Nicotine & Tobacco Research 04/2015; DOI:10.1093/ntr/ntv075 · 2.81 Impact Factor
  • Source
    [Show abstract] [Hide abstract]
    ABSTRACT: Background: Despite the increasing older population providing care for family members with dementia at home, there is no consensus in the literature in terms of how caring impacts on their quality of life (QoL) and the association of the family carer’s age with QoL outcomes. Aims: To explore the available literature investigating the QoL of older family carers (family carers aged ≥ 60) and the association of family carers’ age and QoL outcomes in a dementia context. Methods: A review of the literature to December 2013 was conducted using Embase-OVID, CINAL, Medline-OVID, Psyc INFO-OVID, Grey literature and the references of the included studies. Cross-sectional or prospective longitudinal studies published in English were eligible. The selection and appraisal processes were performed by two reviewers independently and the methodological quality was assessed by STROBE statement. Results: From the 12 selected studies, 4 were carried out with older family carers’ samples and 8 associated the variable ‘age’ with QoL outcomes. Eight different instruments were used to assess family carers’ QoL, however none were designed specifically for older people or older family carers. The mean age of the carers’ samples ranged from 55.2 to 76.0 years old. Older family carers showed low levels of QoL and were often below the age-matched standard population. Carers’ age was negatively correlated with QoL outcomes in most of the studies. Conclusion: Older people are increasingly involved with dementia care and family carer’s advanced age was shown to be associated with low levels of QoL. Future research should investigate the QoL of older family carers separately and use QoL instruments containing older family carers’ specific needs and perspectives of QoL. In planning care and support, primaryhealth care practitioners should consider family carer’s age group and their specific needs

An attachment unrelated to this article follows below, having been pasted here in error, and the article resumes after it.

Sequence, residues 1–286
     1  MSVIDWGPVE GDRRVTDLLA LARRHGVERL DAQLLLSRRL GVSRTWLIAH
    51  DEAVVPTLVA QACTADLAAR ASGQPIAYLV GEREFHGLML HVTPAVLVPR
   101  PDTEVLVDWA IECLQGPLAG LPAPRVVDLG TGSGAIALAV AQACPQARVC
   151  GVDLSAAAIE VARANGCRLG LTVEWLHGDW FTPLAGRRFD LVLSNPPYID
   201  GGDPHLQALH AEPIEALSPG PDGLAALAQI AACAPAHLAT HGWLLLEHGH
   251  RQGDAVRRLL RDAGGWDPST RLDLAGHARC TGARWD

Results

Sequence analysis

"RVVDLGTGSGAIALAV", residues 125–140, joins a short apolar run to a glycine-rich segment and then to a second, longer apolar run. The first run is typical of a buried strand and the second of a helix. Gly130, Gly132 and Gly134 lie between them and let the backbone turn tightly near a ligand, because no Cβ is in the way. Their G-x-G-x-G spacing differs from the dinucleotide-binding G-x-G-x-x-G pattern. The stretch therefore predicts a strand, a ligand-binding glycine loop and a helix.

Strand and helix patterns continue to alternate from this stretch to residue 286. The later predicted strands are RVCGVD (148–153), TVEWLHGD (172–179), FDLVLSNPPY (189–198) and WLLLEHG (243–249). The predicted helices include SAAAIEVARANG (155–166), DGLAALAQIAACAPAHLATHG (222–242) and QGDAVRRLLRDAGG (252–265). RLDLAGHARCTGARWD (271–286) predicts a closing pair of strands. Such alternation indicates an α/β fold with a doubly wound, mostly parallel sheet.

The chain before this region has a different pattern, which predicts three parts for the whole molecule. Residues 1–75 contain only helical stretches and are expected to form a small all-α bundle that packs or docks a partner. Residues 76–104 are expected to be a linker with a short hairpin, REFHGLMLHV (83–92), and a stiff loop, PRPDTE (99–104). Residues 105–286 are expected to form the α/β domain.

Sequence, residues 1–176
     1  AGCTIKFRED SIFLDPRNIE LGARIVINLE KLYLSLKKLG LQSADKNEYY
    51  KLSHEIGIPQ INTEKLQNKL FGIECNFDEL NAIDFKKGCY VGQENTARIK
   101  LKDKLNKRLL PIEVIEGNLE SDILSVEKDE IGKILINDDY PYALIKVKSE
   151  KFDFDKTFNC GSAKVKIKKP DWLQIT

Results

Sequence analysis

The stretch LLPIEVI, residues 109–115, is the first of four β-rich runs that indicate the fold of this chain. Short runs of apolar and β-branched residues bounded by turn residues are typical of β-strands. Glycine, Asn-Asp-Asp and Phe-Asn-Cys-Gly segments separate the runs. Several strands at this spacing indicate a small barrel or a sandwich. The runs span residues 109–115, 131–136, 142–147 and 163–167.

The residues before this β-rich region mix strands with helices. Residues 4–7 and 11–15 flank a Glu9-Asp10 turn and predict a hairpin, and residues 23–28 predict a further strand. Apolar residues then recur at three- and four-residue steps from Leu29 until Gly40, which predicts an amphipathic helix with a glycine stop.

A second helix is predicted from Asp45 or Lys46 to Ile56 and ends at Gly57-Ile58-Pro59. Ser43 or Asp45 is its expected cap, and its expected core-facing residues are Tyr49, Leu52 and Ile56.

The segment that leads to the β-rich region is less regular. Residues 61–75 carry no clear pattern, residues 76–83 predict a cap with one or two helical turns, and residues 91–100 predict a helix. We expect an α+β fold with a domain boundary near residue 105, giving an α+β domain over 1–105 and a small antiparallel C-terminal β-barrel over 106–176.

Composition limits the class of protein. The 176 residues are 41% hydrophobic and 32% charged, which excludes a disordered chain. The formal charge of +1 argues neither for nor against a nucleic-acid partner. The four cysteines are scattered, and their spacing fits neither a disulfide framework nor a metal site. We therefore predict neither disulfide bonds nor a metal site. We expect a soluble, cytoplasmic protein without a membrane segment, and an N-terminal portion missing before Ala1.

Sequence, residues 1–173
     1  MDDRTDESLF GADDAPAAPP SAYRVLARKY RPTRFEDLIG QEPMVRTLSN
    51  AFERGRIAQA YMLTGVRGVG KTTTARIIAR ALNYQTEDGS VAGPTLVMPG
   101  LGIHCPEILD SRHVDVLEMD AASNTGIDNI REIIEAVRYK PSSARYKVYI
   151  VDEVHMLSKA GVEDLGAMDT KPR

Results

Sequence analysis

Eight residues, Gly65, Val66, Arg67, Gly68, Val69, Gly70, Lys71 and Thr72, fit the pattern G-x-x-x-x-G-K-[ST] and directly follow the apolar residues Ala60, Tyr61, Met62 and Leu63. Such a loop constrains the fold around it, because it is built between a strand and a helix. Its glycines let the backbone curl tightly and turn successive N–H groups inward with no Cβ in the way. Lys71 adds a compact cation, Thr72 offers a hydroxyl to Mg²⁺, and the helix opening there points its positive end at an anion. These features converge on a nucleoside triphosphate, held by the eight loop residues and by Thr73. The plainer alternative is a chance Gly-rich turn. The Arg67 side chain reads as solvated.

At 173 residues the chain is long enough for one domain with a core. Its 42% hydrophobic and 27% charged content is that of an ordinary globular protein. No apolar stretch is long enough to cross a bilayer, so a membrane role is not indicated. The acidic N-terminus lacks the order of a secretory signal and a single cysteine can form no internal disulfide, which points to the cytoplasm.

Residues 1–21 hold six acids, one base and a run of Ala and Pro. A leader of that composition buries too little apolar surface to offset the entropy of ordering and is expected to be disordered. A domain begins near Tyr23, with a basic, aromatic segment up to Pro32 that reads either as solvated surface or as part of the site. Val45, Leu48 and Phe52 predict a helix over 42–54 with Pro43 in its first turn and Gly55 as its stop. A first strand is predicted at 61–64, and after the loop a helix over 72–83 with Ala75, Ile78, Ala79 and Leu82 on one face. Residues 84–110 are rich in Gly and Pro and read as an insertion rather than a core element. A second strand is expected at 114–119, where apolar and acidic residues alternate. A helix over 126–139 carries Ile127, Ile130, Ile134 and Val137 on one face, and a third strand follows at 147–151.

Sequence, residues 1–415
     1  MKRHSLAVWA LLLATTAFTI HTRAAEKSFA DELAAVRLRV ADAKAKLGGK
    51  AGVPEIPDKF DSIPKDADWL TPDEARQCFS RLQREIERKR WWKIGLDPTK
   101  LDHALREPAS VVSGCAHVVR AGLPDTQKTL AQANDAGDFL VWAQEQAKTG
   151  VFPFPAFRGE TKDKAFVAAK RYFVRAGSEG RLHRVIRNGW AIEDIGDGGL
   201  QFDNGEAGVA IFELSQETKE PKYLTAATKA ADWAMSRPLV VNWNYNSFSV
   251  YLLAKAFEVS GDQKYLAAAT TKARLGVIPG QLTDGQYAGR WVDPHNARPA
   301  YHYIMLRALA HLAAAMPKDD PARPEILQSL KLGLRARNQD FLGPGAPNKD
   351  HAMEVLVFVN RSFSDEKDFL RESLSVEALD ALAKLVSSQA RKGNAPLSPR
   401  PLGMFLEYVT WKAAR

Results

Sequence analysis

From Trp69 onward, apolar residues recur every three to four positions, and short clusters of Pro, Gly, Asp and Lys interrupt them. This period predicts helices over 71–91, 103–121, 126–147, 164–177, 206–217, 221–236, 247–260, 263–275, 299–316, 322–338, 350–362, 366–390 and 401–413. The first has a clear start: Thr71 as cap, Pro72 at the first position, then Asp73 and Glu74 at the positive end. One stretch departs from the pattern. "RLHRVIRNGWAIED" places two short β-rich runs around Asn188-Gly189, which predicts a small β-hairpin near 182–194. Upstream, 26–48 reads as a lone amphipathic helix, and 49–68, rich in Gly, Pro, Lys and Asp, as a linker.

Quality in primary care 03/2015; 23(1):18-30.

Full-text (2 Sources)

Available from
Jul 3, 2014